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Gender is still the biggest hurdle facing tech talent shortage: new research



Tech

By Loren Webb

With predications that the Australian technology industry will face a shortage of 200,000 skilled workers in the next five years, businesses need to revaluate their diversity and inclusion policies if they want to fill their roles and remain competitive on a global scale, urges tech talent experts Halcyon Knights.

According to a study of 1000 people working in the tech industry across Australia, Halcyon Knights found 69% of respondents believe the biggest hurdles to a diverse workforce are employer driven issues around:

  • culture
  • unconscious bias
  • lack of action
  • lack of interest in STEM education

Halcyon Knights CEO, Lincoln Benbow, said the ‘Shaking the status quota’ report suggests that while diversity and inclusion (D&I) in tech community may be improving, there are still hurdles that are preventing minority identities from wanting to be a part of the technology workforce.

“Australian workers are choosing jobs where they believe they’ll feel included and won’t be faced with discrimination based on their identity. So, businesses need to ensure they’re catching up with modern standards of accessibility and inclusion if they’re to retain and attract key talent, or else they’ll lose top talent to competitors,” said Mr Benbow.

“It goes beyond just ensuring we have diverse and inclusive workplaces because it’s the right thing to do. Australian businesses won’t survive unless they look for talent outside of their current pool – there will simply be too many roles to fill with the existing workforce.”

Discrimination still evident

The report found that 71% of those surveyed had experienced discrimination at some point in their career, but 55% have not experienced discrimination in their current workplace – suggesting the industry is improving and addressing its historical issues. It also points to employees choosing to leave non-inclusive workplaces in favour of inherently inclusive jobs.

Almost two thirds (63%) of respondents who identified as, or have been, the primary carer for a child or dependent person had been paid less than others of a different identity in the same role.

Two fifths (44%) of this group also said they were passed over for a promotion or pay rise and 36% said they were given work under their pay grade because of assumptions made about their identity.

Gender is still the biggest hurdle

Whilst over a quarter (28%) of tech teams report gender parity, which is defined as at least 40% female and 40% male – there are still strides to be made, particularly in regards to inclusivity.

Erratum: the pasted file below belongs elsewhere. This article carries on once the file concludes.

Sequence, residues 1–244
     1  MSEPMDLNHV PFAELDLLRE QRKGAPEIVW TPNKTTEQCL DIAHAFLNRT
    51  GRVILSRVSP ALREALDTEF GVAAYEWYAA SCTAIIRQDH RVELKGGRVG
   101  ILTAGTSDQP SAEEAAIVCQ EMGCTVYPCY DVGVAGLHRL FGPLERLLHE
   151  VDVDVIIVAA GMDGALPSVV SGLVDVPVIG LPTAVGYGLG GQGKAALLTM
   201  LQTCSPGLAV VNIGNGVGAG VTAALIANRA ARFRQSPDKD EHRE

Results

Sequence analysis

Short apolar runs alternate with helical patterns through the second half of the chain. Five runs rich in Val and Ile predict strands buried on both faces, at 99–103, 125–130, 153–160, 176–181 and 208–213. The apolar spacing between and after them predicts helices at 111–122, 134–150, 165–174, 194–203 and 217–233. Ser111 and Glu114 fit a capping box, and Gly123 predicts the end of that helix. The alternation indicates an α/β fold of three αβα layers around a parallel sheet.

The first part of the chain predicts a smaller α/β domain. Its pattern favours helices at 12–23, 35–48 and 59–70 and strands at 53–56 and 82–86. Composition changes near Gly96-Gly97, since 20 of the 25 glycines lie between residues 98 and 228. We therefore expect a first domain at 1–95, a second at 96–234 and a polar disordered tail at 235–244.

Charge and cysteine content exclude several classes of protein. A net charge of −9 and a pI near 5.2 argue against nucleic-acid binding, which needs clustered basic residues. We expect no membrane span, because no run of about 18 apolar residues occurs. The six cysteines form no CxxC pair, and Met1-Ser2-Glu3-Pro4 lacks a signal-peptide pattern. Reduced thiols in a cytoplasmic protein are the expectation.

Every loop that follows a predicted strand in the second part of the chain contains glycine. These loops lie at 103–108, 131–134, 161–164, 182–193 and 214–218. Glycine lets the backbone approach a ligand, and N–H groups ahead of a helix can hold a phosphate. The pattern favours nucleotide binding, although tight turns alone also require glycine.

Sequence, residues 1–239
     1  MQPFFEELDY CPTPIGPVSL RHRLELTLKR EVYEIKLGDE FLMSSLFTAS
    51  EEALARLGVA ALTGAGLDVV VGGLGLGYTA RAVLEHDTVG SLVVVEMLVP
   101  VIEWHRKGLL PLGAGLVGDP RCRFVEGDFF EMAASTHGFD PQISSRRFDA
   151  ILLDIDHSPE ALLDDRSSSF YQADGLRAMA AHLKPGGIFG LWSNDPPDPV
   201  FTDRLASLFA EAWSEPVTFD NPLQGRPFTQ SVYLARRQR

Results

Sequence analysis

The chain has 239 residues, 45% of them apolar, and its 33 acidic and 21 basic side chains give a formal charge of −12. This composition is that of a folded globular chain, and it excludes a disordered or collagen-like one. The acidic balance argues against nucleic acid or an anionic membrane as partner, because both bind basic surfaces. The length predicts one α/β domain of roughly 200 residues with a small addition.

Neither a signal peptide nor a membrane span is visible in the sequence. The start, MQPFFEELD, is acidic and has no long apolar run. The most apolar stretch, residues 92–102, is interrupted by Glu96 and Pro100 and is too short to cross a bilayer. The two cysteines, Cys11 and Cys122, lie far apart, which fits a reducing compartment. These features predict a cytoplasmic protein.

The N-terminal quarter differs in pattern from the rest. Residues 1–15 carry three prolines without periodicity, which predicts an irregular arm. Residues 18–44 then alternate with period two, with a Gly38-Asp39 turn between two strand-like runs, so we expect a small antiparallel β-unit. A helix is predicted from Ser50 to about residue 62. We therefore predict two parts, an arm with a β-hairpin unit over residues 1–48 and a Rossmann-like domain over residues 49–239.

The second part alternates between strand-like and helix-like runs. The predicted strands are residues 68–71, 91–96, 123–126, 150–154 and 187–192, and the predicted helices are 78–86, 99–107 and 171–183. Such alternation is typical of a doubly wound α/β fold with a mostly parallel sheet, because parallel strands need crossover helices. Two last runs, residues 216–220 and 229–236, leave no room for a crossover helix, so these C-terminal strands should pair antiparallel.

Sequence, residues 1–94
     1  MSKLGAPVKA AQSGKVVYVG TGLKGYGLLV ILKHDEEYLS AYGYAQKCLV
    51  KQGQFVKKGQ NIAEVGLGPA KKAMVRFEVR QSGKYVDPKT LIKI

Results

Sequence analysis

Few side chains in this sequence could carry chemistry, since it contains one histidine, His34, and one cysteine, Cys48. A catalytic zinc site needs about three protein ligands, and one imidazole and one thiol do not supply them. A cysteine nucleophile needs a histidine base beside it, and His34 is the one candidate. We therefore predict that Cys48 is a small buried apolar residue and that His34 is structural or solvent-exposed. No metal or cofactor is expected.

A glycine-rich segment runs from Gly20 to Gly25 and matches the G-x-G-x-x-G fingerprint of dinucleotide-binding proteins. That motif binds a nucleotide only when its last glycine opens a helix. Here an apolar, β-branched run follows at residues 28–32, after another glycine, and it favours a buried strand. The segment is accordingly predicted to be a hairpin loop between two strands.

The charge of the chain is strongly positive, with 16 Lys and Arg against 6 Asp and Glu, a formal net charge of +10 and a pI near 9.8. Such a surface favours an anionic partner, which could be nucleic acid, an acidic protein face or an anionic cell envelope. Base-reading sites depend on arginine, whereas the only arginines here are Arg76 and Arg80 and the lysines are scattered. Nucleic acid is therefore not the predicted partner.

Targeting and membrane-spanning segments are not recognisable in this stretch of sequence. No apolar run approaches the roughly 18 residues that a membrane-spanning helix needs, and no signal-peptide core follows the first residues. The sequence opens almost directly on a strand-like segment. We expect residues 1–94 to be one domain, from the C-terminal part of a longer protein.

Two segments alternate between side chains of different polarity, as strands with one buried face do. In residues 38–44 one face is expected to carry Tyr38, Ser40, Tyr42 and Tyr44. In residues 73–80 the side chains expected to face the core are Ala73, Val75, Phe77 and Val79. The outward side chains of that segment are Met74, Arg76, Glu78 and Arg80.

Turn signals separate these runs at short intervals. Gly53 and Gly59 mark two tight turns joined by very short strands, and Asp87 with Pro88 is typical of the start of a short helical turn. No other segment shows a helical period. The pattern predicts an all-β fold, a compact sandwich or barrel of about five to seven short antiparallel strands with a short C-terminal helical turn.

There were also imbalances up the corporate ladder, with only 23% of leadership teams reporting gender parity. If we compare that with the 69% of respondents that believed the biggest hurdles to improving D&I are employer driven – we can see where we are falling short.

“Whether through quotas or other means, improving gender diversity alone is not enough. Businesses need to actively develop culture of belonging and inclusion if they want to retain talent, specifically women and those returning to the workforce, to feel valued and perform well,” said Mr Benbow.

“Top down improvement is key to this; leadership teams need to have better understanding of their team and be more representative themselves. The report found that just 2 in 5 respondents were satisfied with their employer’s efforts to facilitate diversity and diverse representation is one way we can naturally breed improvements throughout the company.”

Moving beyond just gender

The Australian tech industry performs exceptionally well in other diversity measurements, with 82% of respondents reporting that they worked in an ethnically diverse team.  17% of people reported to have someone in their tech team living with a disability and 34% of respondents said they work with someone who openly identifies as LGBTQI+.

But 23% of respondents said that even if their workplace is diverse by numbers, it’s not inclusive in behaviour:

  • Half of respondents said they had previously been undermined (constantly spoken over by others, had ideas or credit stolen) by others of a majority identity.
  • This was particularly high for those identifying as living with a disability (85%) and those identifying as LBTQI+ (73%).
  • 55% of those identifying as LBTQI+, 53% of those identifying as a person living with a disability and 47% of those who identified as a person of colour also reported having been paid less than others of a different identity in the same role.

“Just 1 in 4 respondents said their workplace has programs led by HR or leadership that actively encourage recruitment or retention of people of minority identities,” said Mr Benbow.

“Being invited to the party is one thing but inclusion, or being asked to dance, is whole other ball game. Inclusion goes beyond the numbers to focus on the behaviours and actions that workplaces can take to make diversity sustainable, valuable and actually inclusive. This is where Australian tech employers should focus their efforts and become champions of change.”

“Targets and quotas can be valuable – putting achievable metrics in place encourages companies to operationalise their intentions, but balanced representation means very little if it is not underpinned by a healthy culture of belonging,” said Mr Benbow.

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